In a month, Trump faces first election contest since leaving office

In a month, Trump faces first election contest since leaving office
In a month, Trump faces first election contest since leaving office

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Nevin Al Sukari - Sana'a - Former US President and 2024 Republican presidential hopeful Donald Trump leaves after speaking during a campaign rally at the University of New Hampshire's Whittemore Center Arena in Durham, New Hampshire, on December 16, 2023. — AFP pic

WASHINGTON, Dec 17 — One month from now, the Mid-western state of Iowa kicks off the US 2024 primary season, and Donald Trump will discover whether he has an insurmountable lead for the Republican presidential nomination, or opponents can spring a surprise.

Four criminal indictments are pending against Trump, putting the former president at risk of imprisonment. Still, he has one of the biggest poll advantages in modern times over Republican rivals at this point in a campaign.

While they all are vying to run in next November’s election as the party seeks to unseat Democratic President Joe Biden, Trump is dominating the race so far.


“We’re going to make America great again,” Trump promises at his rallies, echoing the slogan that catapulted him to power in 2016.

But as past US elections have shown, polls this far ahead of the vote should be viewed with caution.

The real verdict comes in the intraparty nominating contests of various states, starting with the Iowa caucuses on January 15, when Trump hears from voters for the first time since leaving the White House.


As tradition dictates, voters in the rural state of Iowa will open the primary season, as they have done since 1972, gathering in places like school gyms and fire stations to poll on their preferences at individual precinct meetings known as caucuses.

Haley and DeSantis vie

In Iowa as elsewhere, Trump still has a loyal base that brushes aside his legal troubles.

“I don’t even understand what the crime is,” said Adam Miller, a 61-year-old farmer and Trump supporter whom AFP met in Makoqueta, a town in eastern Iowa near the Mississippi River.

“I mean, if he’s accused of murder or bribery... then that would change my mind.”

On January 15 at 7pm, this dark-haired, bespectacled man will gather with residents of his community, a three-hour drive from Chicago, to fill out a ballot in the name of the billionaire, accused among other things of election interference and mishandling classified information.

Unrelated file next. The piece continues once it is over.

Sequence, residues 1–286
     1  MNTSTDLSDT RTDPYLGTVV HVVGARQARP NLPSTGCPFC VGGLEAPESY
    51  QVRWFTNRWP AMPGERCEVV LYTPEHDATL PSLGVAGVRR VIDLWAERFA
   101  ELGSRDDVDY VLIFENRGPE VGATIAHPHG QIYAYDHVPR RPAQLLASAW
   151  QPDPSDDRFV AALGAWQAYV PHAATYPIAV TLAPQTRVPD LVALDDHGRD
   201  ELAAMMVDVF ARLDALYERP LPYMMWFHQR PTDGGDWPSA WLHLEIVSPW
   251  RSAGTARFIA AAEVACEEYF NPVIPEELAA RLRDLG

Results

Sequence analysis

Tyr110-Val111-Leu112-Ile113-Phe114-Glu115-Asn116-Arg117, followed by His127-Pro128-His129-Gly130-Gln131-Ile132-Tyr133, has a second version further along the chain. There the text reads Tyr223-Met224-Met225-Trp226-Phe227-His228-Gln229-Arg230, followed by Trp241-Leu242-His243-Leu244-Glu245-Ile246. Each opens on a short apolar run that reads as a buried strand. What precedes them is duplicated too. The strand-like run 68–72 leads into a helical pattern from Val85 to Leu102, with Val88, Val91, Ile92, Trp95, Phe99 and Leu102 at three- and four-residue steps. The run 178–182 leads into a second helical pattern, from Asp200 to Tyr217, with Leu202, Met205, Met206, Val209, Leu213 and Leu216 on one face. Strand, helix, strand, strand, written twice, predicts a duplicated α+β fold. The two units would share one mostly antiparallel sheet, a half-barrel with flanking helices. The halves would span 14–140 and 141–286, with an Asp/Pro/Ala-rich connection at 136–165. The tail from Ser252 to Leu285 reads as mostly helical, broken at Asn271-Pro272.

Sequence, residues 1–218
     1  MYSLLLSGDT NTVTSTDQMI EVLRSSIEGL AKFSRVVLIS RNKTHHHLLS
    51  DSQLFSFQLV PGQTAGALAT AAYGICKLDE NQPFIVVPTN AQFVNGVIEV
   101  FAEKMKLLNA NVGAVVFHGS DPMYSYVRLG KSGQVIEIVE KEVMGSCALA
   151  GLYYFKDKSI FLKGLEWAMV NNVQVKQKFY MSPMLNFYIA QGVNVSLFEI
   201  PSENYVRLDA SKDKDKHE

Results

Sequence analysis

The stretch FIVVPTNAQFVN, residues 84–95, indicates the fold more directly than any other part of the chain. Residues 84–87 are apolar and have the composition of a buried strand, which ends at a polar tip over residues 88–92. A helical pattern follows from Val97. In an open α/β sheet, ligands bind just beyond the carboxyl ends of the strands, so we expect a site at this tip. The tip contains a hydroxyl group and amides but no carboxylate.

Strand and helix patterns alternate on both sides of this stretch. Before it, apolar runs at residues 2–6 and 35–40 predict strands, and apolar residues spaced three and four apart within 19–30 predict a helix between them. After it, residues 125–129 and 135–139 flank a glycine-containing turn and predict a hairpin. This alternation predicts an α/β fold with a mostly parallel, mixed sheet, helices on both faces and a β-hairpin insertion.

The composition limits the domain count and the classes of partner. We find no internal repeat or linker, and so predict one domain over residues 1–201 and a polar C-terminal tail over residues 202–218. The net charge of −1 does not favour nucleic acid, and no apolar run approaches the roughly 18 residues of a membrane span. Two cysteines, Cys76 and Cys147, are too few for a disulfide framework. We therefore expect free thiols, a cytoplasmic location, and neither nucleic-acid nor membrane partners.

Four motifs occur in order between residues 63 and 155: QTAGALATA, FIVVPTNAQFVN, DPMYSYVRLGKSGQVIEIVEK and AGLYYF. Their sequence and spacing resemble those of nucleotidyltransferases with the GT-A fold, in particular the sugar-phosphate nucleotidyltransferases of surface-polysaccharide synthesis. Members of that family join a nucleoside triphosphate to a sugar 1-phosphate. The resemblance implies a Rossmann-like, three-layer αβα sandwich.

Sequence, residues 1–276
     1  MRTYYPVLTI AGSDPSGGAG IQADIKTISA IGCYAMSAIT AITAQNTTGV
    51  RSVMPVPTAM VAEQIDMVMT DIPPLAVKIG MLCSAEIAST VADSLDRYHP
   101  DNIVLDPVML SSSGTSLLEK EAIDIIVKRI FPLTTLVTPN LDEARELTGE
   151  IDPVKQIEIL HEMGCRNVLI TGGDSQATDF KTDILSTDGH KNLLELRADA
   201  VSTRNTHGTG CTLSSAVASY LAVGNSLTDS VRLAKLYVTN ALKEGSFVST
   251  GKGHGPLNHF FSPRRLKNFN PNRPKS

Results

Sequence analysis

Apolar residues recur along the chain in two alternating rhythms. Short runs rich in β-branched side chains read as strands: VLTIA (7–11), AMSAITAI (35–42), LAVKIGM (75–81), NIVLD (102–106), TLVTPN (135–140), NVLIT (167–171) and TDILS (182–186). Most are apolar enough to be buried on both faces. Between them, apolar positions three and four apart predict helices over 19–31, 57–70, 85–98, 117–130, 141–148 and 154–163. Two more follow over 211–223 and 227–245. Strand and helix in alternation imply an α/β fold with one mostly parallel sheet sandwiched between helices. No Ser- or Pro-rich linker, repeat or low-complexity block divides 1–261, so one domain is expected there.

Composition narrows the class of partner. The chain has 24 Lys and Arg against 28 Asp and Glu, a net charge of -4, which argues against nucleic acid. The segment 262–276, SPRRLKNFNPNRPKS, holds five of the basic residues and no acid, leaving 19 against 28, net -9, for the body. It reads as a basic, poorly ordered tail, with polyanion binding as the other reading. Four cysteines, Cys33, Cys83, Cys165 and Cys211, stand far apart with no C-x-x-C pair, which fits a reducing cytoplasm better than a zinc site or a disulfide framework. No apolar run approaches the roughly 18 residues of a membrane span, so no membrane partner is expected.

On that night, six other Republicans will be in the running to block Trump’s path. Only two still seem to have a chance.

They include Florida Governor Ron DeSantis, a conservative with hard-right positions on immigration and LGBT+ rights who has staked everything on Iowa, crisscrossing the state’s 99 counties in the space of a few months.

The 45-year-old can also count on the patronage of Iowa Governor Kim Reynolds, who has endorsed DeSantis. While Reynolds remains popular among Republicans, Trump savaged her after she backed DeSantis, branding her “America’s most unpopular governor.”

Support for DeSantis, a former naval officer, appears to have plummeted in recent months, which some blame on his occasional wooden demeanor and lack of charisma.

Then there’s former UN ambassador Nikki Haley, the new darling of the American right.

The 51-year-old former governor of South Carolina has cut a different path with a more moderate stance on reproductive rights, aware that her party has suffered several electoral setbacks since the Supreme Court last year overturned the constitutional right to abortion.

New Hampshire, Nevada

Throughout the campaign, both Haley and DeSantis have employed fancy footwork to avoid direct attacks on Trump, for fear of offending his supporters.

Both hover around 12 per cent in the polls, a far cry from the former president’s 60 per cent.

But observers are not ruling out the possibility either of them could spring a surprise and nibble away at the tempestuous Republican’s dizzying lead.

“Anything less than a huge victory means that Trump will look more vulnerable in the GOP nominating contest than observers, donors and voters expected,” Brown University political scientist Wendy Schiller told AFP.

After Iowa, the electoral spotlight turns to New Hampshire, on the border with Canada, then to the casino state of Nevada and South Carolina at the end of February.

By June, all 50 states will allocate their delegate quotas to candidates for July’s Republican National Convention, which will nominate the party’s flagbearer for the election.

On the Democratic side, barring a huge surprise, incumbent Biden, 81, will be nominated in August at the party’s convention in Chicago.

This will occur despite repeated criticism about his age.

Two candidates, congressman Dean Phillips and best-selling author Marianne Williamson, are challenging Biden for the Democratic nomination, but their chances are slim. — AFP

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